Red Zone: Five Bloody Years in Baghdad Hardcover – 3 Apr 2008
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A brilliant, first-hand account of the madness and horror of post invasion Iraq. Poole demonstrates perfect pitch, recounting a story that is by turns terrifying and bizarre, illuminating and moving. --Patrick Bishop, author of Fighter Boys --This text refers to an out of print or unavailable edition of this title.
From the Publisher
`A brilliant, first-hand account of the madness and horror of post invasion Iraq. Illuminating and moving.' Patrick Bishop, author of Fighter Boys.
Praise for best-selling Black Knights: On the Bloody Road to Baghdad by Oliver Poole (Harper Collins £6.99) 'The best reporter's book of the war so far...the eye-witness accounts of the fighting, the terrible guilt of the soldiers at the killing of civilians, the confusion, the continuous question of why they are there, are exhilarating and chilling.' Robert Fox, Evening Standard.See all Product Description
Top Customer Reviews
His experience results in an insightful book on an incredibly complex situation and importantly for us, his audience, it's written in an approachable and enjoyable way. It may have been the years he spent explaining complex issues to middle-England in a couple of paragraphs, but he's also managed to make it a very good read.
The book isn't easy to categorise; it's part travelogue, part history of the war, part social commentary, part memoir and part analysis of the insurgency and the surge, but this breadth was what actually appealed to me most. Having read it I now have some insight into why it all went so wrong, and given how complex the situation has been over the last five years that's a great achievement because it's very complicated. While it's a good read, and Poole wrote for the Telegraph, this is not a middle-of-the-road book, it's challenging. It challenges preconceptions, it challenges your belief in the US and UK Governments and what they've asked their armed forces to do, as well as what's driving Islamic 'extremism'.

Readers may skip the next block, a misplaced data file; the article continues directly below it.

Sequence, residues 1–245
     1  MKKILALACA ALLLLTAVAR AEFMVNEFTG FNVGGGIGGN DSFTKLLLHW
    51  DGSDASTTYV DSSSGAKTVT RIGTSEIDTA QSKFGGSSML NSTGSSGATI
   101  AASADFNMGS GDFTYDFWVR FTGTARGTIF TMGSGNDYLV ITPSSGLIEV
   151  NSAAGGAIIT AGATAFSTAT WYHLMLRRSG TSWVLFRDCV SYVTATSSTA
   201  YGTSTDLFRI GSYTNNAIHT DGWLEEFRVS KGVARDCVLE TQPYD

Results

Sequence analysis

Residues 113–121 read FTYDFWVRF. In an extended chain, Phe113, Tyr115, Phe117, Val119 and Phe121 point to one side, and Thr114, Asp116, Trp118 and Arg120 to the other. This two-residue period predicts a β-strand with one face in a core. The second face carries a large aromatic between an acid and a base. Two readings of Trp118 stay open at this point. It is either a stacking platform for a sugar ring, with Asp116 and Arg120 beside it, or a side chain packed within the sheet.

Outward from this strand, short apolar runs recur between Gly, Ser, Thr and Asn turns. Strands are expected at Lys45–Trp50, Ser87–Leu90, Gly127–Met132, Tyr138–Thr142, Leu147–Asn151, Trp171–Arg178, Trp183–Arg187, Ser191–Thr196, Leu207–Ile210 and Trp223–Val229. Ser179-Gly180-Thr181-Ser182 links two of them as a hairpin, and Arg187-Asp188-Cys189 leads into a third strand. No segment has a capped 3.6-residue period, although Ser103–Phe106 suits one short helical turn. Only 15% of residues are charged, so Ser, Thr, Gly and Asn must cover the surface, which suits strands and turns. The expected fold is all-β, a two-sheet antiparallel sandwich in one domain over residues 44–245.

At this point I declare I know the author, but when I reviewed his last book online it didn't get 5 stars, but this gets the full five, because it's a very good book.
Anyway, enough from me. Read it. There a lot of books about Iraq around, but this is one of the few very good ones (apart from mine of course....)
"Well-informed and compassionate." PROSPECT May 2008
"Poole's just-published account of his five years in Baghdad records in unflinching detail the horror of the war." BLOOMBERG May 2008
"As frightening as Baghdad was, his observations on Basra, once the prosperous "Venice of the East", make the most depressing reading. He found it riven by rival militias and corrupt officials, despite the British presence." SOLDIER May 2008
"(Poole)'s aware that talking of the Iraqi people's great triumph over adversity can be seen as an easy cliché, but insists it was his relations with those on the ground which made the unrelenting optimism being spun by many military leaders eventually impossible to bear." YORKSHIRE POST March 20th 2008
Most Helpful Customer Reviews on Amazon.com (beta)
Poole, wisely, doesn’t try to establish an overall theme. Rather “the story of Baghdad” is told in pieces: The heroism and attitude of the soldiers, the suffering of the innocent, the power politics in Iraqi and elsewhere, and in his own story in what it took to “gather the news.”
As one would expect from a journalist attached to a major newspaper, Poole’s writing is clear, informative, and objective. Despite there being many aspects to the storyline, the narrative is straight-forward. Red zone is quite graphic in places, but that is the reality of war. Poole does not sensationalize the horrors of war, but neither does he sugar-coat the carnage.
Iraq was, and remains, a dangerous place for journalists. Part of the proceeds from the sale of Red Zone, goes to PEN an organization devoted to protecting freedom of the press. For his decency in forgoing “maximum profit” to support journalistic freedom, his unique view as a British journalist, and for his clear writing, Poole deserves five stars for Red Zone
The title is accurate enough, but the book describes bloody and less bloody periods, and takes the reader all around Iraq, to neighboring countries, and to England. We see the war from the perspective of journalists, soldiers, and Iraqis from all sorts of backgrounds. We gain a better understanding of five years' worth of headlines as major events are incorporated in a tale of social changes and the experiences of individual characters.
Truly a brilliantly done book by a long-time reporter for the British newspaper, the Telegraph. Sadly, the Telegraph got a new editor and began insisting on pro-war propaganda. And sadly for us if not him, Poole settled down in England and started a family. So, the war goes on, short one reporter. And it didn't have many to spare.
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